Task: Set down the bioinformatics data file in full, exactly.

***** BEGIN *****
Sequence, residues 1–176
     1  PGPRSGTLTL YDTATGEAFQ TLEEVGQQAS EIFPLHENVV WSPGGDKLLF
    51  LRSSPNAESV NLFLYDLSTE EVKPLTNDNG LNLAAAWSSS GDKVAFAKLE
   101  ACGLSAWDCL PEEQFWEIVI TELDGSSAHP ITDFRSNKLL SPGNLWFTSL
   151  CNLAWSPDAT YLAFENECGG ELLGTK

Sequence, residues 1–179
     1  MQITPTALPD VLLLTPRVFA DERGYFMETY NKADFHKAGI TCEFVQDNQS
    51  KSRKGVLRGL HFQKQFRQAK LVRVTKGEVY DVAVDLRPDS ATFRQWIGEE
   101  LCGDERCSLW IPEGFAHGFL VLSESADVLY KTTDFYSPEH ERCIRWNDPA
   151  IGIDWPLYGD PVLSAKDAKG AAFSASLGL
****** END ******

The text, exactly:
Sequence, residues 1–176
     1  PGPRSGTLTL YDTATGEAFQ TLEEVGQQAS EIFPLHENVV WSPGGDKLLF
    51  LRSSPNAESV NLFLYDLSTE EVKPLTNDNG LNLAAAWSSS GDKVAFAKLE
   101  ACGLSAWDCL PEEQFWEIVI TELDGSSAHP ITDFRSNKLL SPGNLWFTSL
   151  CNLAWSPDAT YLAFENECGG ELLGTK

Sequence, residues 1–179
     1  MQITPTALPD VLLLTPRVFA DERGYFMETY NKADFHKAGI TCEFVQDNQS
    51  KSRKGVLRGL HFQKQFRQAK LVRVTKGEVY DVAVDLRPDS ATFRQWIGEE
   101  LCGDERCSLW IPEGFAHGFL VLSESADVLY KTTDFYSPEH ERCIRWNDPA
   151  IGIDWPLYGD PVLSAKDAKG AAFSASLGL